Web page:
THE Federal Government will move to amend key sections of the Racial Discrimination Act in a bid to prevent members of the public and the press from facing lawsuits when they are accused of breaching it.
In a press conference with Attorney-General George Brandis today Prime Minister Malcolm Turnbull said the Coalition's Party Room had agreed to attempt to amend the oft-cited section 18C of the Racial Discrimination Act and a number of other pieces if legislation.
The PM specifically referred to two recent cases, one which involved three students at the Queensland University of Technology and another which involved Bill Leak - the recently deceased cartoonist for The Australian Newspaper.
"There has been a great deal of public discussion in recent times about the protection of freedom of speech in Australia. That discussion has focussed, in particular, upon section 18C of the RDA, and on the way in which the Commission deals with complaints," Mr Turnbull said.
"The recent cases of the students at QUT, and the complaint against the late cartoonist Bill Leak, have brought the issue to even greater prominence."
Mr Turnbul then pointed to a report from the Australian Law Reform Commission handed down in March 2016 which said: "Part IIA of the Racial Discrimination Act, of which s. 18C forms part, would benefit from a more thorough review in relation to freedom of speech".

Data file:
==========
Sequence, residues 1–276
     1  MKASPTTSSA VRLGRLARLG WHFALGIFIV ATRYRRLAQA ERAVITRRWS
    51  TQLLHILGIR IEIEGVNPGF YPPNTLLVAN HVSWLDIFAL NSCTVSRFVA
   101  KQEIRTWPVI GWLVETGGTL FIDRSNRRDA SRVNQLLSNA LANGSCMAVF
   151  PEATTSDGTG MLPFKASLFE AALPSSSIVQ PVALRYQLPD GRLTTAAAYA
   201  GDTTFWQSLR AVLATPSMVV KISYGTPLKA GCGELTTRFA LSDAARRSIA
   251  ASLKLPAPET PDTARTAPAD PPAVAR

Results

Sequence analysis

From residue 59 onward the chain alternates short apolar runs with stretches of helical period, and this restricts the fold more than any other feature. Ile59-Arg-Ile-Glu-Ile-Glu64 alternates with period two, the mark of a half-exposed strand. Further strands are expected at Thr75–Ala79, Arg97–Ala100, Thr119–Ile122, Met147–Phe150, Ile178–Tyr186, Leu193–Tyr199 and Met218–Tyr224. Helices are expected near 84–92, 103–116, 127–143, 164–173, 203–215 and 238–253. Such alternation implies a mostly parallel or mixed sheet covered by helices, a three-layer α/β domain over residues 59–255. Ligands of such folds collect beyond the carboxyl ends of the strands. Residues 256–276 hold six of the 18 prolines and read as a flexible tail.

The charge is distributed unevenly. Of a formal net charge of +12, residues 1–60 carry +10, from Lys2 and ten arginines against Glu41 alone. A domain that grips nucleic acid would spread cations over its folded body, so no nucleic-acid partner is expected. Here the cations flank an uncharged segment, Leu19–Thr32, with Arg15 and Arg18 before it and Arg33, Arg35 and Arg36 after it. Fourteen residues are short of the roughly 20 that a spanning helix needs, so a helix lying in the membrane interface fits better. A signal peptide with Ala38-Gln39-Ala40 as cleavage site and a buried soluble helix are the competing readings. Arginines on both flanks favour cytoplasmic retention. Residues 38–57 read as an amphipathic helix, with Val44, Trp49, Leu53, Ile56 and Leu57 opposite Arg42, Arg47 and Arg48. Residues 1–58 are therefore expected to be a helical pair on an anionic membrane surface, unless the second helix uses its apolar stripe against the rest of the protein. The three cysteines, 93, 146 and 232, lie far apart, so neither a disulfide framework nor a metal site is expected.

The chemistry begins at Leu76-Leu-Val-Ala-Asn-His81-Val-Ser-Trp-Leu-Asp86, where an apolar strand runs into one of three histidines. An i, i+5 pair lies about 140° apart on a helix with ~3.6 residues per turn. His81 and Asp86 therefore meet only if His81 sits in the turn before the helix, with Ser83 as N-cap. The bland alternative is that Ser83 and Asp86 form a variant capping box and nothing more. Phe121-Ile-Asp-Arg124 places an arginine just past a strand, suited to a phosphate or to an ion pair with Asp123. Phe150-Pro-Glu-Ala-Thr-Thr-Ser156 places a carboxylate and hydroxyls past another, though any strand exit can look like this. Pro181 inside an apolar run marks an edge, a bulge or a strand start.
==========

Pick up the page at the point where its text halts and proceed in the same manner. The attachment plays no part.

He added that in November last year the Australian Human Rights Commission - which has been drawn into many civil cases involving Section 18C - had asked the Turnbull Government to propose: "amendments to streamline the processes by raising the threshold for accepting complaints".
Mr Turnbull said his government's legislation would strike the right balance between strengthening protections against hate speech and ensuring that frivolous or vexatious complaints are put to rest without those being accused of racism facing large personal financial costs.
"The legislation will remove the words 'offend, insult, humiliate' from section 18C of the RDA and insert the word 'harass'." Mr Turnbull said.
"It will also introduce the 'reasonable member of the Australian community' as the objective standard by which contravention of section 18C should be judged."
Shadow Attorney-General Mark Dreyfus said this was a sorry day for Australians.
He then said the change which had been announced was a weakening of the Act, which he said had served the country well since its introduction in 1975.
He also said Mr Turnbull had "his chain yanked by the right wing of his party."
"And for the Prime Minister to pretend this is a strengthening of the law is simply nonsense.
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